October 27, 2014 -
Starting next year, the New York City Police Department will provide new biometric technology for its 35,000 police officers and 6,000 vehicles, according to a report by Government Technology.
The new biometric devices are part of the department’s $160 million program, funded entirely by criminal forfeiture money, designed to lower the number of arrests while boosting the number of summonses.
NYPD officers will be given biometric smartphones that allow them to browse databases, view wanted posters and scan suspects’ fingerprints.
Police vehicles will be outfitted with tablets that offer similar functionality.
Additionally, the NYPD will be able to monitor its officers and their use of these devices using a GPS.
“You can literally, with this technology, take a fingerprint on a street corner,” New York Mayor Bill de Blasio said in a press conference.
Some critics have already shared their concerns regarding the use of biometric devices in the field.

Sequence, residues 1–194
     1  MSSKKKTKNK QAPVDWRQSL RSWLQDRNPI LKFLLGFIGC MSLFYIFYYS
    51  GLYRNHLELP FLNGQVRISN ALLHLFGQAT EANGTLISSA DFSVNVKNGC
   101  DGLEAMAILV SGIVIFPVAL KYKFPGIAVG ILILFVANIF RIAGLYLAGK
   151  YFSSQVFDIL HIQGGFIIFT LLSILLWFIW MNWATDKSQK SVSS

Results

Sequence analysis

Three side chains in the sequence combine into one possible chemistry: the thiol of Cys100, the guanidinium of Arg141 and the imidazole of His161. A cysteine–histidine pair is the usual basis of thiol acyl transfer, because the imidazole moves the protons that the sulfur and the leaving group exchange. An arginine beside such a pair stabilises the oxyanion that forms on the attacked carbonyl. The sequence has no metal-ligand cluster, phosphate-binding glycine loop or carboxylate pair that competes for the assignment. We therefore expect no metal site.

Christopher Dunn, associate legal director for the New York Civil Liberties Union, said that while he agreed that such devices could help lower the number of arrests, he believes that fingerprinting programs ought to be protected by stringent safeguards to prevent anyone from misusing the system.
Police Commissioner William J. Bratton said that police labor unions may have issues with the monitoring of police officers, but pointed out that the GPS system could help protect officers.